A Monthly Income Source
· Social Security is an Annuity with Inflation Protection
· Age 62 is the earliest to claim benefits
· Taking at age 62 reduces your payout by 25% to 30%
· The Greenspan Commission, enacted 1983, raised Full Retirement Age (FRA) beyond age 65 for those born after 1937.
Birth Year FRA
1943 - 1954 66
1955 66 and 2 months
1956 66 and 4 months
1957 66 and 6 months
1958 66 and 8 months
1959 66 and 10 months
1960 and after 67
· Delaying adds 8% per year to your yearly payout. Maximum delay to age 70 increases total to 130% of your FRA amount. No benefit to delaying past age 70.
· Married couples: Higher Earning (HE) spouse collects 100% of their benefit. Lower Earning spouse collects one of these two choices:
· their benefit.
· 50% of HE spouse benefit.
· After death of spouse, surviving spouse collects one benefit, whichever is largest.
· After death of spouse a one time $255 payment for funeral expenses is available to the surviving spouse.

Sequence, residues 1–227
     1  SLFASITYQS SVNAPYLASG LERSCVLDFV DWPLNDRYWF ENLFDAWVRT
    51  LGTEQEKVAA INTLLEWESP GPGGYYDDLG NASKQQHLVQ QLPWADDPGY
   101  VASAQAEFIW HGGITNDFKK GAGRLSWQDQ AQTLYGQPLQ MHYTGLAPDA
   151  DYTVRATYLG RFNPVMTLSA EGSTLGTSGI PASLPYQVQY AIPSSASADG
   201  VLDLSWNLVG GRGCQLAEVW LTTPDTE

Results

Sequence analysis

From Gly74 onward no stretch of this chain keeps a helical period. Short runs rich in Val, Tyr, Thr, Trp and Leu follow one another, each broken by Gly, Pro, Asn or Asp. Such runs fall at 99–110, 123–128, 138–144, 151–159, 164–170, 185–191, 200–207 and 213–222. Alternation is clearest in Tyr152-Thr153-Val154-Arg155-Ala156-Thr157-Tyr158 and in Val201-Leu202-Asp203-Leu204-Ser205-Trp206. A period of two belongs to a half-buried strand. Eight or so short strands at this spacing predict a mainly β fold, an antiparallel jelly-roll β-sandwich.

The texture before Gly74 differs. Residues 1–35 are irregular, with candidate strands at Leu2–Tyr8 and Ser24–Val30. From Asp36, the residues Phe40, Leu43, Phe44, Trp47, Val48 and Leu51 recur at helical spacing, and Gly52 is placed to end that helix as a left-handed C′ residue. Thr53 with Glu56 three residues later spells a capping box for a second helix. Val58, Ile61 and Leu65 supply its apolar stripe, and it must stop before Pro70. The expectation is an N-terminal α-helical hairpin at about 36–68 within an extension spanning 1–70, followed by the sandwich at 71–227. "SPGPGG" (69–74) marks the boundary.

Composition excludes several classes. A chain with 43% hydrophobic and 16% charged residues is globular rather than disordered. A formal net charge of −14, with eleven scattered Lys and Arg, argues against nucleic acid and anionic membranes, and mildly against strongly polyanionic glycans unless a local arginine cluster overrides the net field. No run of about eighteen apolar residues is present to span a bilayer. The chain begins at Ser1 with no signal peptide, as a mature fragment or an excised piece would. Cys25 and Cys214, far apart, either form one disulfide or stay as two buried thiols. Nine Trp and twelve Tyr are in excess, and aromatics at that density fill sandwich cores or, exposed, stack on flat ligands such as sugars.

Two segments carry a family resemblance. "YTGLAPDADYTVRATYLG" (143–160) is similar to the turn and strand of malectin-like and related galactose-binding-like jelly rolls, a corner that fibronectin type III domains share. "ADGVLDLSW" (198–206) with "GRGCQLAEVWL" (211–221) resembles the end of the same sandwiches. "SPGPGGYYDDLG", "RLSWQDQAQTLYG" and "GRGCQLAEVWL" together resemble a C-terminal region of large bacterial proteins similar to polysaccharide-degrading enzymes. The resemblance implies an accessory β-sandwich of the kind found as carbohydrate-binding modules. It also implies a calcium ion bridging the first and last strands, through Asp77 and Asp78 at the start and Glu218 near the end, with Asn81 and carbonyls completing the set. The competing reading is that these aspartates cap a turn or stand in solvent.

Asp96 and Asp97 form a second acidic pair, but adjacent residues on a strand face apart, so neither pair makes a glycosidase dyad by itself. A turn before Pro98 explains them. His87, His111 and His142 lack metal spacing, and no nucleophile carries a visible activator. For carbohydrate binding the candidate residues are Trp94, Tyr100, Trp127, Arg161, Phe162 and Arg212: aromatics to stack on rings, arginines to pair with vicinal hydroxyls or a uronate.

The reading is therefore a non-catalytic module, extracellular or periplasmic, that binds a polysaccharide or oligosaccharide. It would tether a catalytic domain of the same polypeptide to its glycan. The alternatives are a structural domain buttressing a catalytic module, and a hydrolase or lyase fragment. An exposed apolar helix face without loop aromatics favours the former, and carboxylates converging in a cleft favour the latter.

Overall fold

· It is possible to get a “Reset” on your Social Security. You can stop receiving payments, pay back what you have received, and then wait to start again at a later date. Reset is limited to first 12 months of receiving benefits.
· Retirement Specialists Incorporated (RSI) believes that maximizing your monthly payout is more important than maximizing your lifetime payout.
· RSI Rule of Thumb: Delay Social Security until you need to take it. This maximizes your monthly amount and your spouse’s monthly amount. Retirement benefits can be 76% higher at age 70 than at age 62!
· Social Security features both an income tax and a penalty. You avoid the penalty by not taking Social Security until after you quit working or until your FRA, whichever comes first. RSI Rule of Thumb: Don’t begin Social Security until you quit work.
· Social Security began spending more than it was receiving in 2012, five years earlier than U. S. Government projections!
· Social Security is now drawing down the Trust Fund to make its payments. The Trust Fund will be depleted in approximately 2028.
· Federal law mandates a 25% cut in Social Security payments when the Trust Fund is depleted. Will this law be suspended at the last moment or will everyone have their payments cut in approximately 13 years?
· By printing paper money the U. S. Government could maintain Social Security payments but reduce their purchasing power. Extreme example; a loss of purchasing power could mean your monthly Social Security check would only pay for your electric bill.